Of the local inhabitants William Camden wrote in the early 1600s...

Neither must I passe over heere in silence that which maketh for the singular praise of the inhabitants of Tenet, those especially which dwell by the roads or harboroughs of Margat, Ramsgat and Broadstear. For they are passing industrious, and as if they were amphibii, that is, both land-creatures and sea-creatures, get their living both by sea and land, as one would say, with both these elements: they be Fisher-men and Plough men, as well Husband-men as Mariners, and they that hold the plough-taile in earing [tilling] the ground, the same hold the helme in steering the ship.

Professor Sutton translation from the Latin original.

It was about the time of end of the Tudors and beginning of the Stuarts that 'Manors' lost control of their areas in favour of church parishes which became administrative units. Ramsgate thus came under the control of St Lawrence. Ramsgate began to grow after the Glorious Revolution of 1688 following the successful trade with Russia and the formation of the Bank of England and the East India Company, whose ships brought trade and prosperity to the local fishermen.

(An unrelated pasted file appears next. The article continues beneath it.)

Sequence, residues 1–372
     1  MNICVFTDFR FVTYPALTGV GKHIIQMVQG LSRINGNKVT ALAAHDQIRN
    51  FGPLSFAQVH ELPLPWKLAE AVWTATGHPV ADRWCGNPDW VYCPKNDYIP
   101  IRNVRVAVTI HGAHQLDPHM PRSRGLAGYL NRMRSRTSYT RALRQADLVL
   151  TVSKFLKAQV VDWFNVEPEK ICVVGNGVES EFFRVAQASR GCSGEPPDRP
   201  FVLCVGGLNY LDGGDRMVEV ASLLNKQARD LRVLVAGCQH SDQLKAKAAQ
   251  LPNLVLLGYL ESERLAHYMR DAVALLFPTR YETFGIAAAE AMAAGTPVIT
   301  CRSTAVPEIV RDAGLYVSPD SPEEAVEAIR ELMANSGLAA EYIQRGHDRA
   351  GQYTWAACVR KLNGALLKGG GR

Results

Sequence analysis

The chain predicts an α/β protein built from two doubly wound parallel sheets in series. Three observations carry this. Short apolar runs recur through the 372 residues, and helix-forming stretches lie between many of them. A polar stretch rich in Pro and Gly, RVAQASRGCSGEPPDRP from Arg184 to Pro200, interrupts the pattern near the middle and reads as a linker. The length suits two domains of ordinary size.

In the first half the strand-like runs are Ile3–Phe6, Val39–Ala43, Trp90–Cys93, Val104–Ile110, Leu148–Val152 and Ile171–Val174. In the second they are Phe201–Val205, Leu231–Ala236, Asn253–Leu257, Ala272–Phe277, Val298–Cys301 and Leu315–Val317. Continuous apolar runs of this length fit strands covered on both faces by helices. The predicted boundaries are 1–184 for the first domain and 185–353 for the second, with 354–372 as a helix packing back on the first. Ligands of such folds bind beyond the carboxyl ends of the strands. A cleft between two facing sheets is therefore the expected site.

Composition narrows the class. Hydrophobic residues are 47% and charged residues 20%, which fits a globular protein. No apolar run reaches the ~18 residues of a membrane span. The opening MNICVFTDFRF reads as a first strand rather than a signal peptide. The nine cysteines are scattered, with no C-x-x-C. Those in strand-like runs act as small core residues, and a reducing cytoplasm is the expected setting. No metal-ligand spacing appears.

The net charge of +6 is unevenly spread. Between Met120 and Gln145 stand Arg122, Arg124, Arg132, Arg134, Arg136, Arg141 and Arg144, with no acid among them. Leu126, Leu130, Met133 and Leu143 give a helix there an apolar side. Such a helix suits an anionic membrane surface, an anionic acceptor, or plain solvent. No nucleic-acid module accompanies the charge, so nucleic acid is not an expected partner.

Early in the Georgian age - 1714 to 1740 - the Vestry and Overseers of St Lawrence still controlled day to day work in Ramsgate, including the building of a Poor House in Sussex Street. This opened in April 1726. By 1785 Ramsgate had established an efficient government sufficient for it to have an 'Act' to pave, light and cleanse the streets of Ramsgate and to build a market house and hold a public market. Records show that for the year of 1799 the cost of cleaning the streets amounted to 42/- ,42 shillings (2 guineas) or £2.10p.

Elegant Georgian houses with their beautifully proportioned sash windows were built throughout the 18th century, later evolving into the bow window fronted houses of the Regency Period, 1812 - 1820. Ramsgate also benefitted from the building of Nelson Crescent and Wellington Crescent with their fine Chinese Pagoda-style canopied balconies and 'delicate as gossamer' ironwork railings and supports, that further embellished these wonderful Regency properties throughout the period up to the Victorian era. The young Princess Victoria visited the town as a child in the 1830s

 The harbour was built as a result of the Great Storm of 1703 which saw the loss of much shipping, the worst disaster to befall the Royal Navy in peacetime, though work did not begin until 1749. It was in September 1821 that George IV departed from the harbour for Hanover. On his safe return to Ramsgate, he was pleased to bestow the title 'Royal' upon the harbour, the only one in the country to be so honoured. An obelisk in Pier Yard erected out of granite commemorates this event.